52. 52.

    Piao, S. L. et al. Changes in satellite-derived vegetation growth trend in temperate and boreal Eurasia from 1982 to 2006. Glob. Chang. Biol. 17, 3228–3239 (2011).

    ADS  Article  Google Scholar 

  53. 53.

    Wang, X. H. et al. Spring temperature change and its implication in the change of vegetation growth in North America from 1982 to 2006. Proc. Natl. Acad. Sci. USA 108, 1240–1245 (2011).

    ADS  CAS  PubMed  Article  PubMed Central  Google Scholar 

Download references


This work was supported by NSF grant AGS-1419526. The authors acknowledge Huilin Huang for providing CFS/SSiB2 simulation data. The authors also acknowledge the Texas Advanced Computing Center (TACC) and Cheyenne (https://doi.org/10.5065/D6RX99HX) provided by NCAR CISL, for providing HPC resources. The CAMS gridded 2-m temperature is available at https://www.esrl.noaa.gov/psd/data/gridded/data.ghcncams.html. The CRU TS precipitation is available at https://crudata.uea.ac.uk/cru. GLASS LAI is available at http://www.glass.umd.edu. CAVM treeline product is available at http://www.arcticatlas.org/maps/themes/cp/cpcoast. The CFS simulations are available at https://ucla.box.com/v/CFS-Landform.

Author information




Y.L. performed the research, analyzed the data and contribute to the manuscript. Y.X. conceived the idea, designed the experiments, contribute to the analyses, and wrote the manuscript.

Corresponding author

Correspondence to Yongkang Xue.

Ethics declarations

Competing interests

The authors declare no competing interests.

Additional information

Publisher’s note Springer Nature remains neutral with regard to jurisdictional claims in published maps and institutional affiliations.

Rights and permissions

Open Access This article is licensed under a Creative Commons Attribution 4.0 International License, which permits use, sharing, adaptation, distribution and reproduction in any medium or format, as long as you give appropriate credit to the original author(s) and the source, provide a link to the Creative Commons license, and indicate if changes were made. The images or other third party material in this article are included in the article’s Creative Commons license, unless indicated otherwise in a credit line to the material. If material is not included in the article’s Creative Commons license and your intended use is not permitted by statutory regulation or exceeds the permitted use, you will need to obtain permission directly from the copyright holder. To view a copy of this license, visit http://creativecommons.org/licenses/by/4.0/.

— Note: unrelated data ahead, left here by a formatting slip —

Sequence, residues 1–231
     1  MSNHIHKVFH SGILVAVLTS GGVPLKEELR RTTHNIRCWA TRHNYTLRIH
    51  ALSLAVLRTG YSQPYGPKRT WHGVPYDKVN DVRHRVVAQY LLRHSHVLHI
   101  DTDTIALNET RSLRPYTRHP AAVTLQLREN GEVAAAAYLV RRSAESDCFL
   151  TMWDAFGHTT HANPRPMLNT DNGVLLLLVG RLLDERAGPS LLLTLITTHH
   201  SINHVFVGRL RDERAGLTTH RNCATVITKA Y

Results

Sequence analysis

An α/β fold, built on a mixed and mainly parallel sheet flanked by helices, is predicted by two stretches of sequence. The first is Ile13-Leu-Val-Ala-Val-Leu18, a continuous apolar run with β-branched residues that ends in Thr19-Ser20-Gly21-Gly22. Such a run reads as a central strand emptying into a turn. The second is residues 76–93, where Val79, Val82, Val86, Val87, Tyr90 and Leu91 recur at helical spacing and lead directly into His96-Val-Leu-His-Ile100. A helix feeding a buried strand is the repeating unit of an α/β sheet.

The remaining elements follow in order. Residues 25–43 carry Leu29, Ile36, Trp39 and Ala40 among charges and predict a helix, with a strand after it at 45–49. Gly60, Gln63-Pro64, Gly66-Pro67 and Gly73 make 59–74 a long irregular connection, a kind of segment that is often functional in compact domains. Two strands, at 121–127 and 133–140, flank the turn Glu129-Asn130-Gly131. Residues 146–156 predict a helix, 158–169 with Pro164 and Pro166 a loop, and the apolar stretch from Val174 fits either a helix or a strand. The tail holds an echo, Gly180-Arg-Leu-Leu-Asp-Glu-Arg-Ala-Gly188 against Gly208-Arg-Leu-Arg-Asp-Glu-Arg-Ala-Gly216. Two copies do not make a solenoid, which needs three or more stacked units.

Reprints and Permissions

About this article

Verify currency and authenticity via CrossMark

Cite this article

Liu, Y., Xue, Y. Expansion of the Sahara Desert and shrinking of frozen land of the Arctic. Sci Rep 10, 4109 (2020). https://doi.org/10.1038/s41598-020-61085-0

Download citation


By submitting a comment you agree to abide by our Terms and Community Guidelines. If you find something abusive or that does not comply with our terms or guidelines please flag it as inappropriate.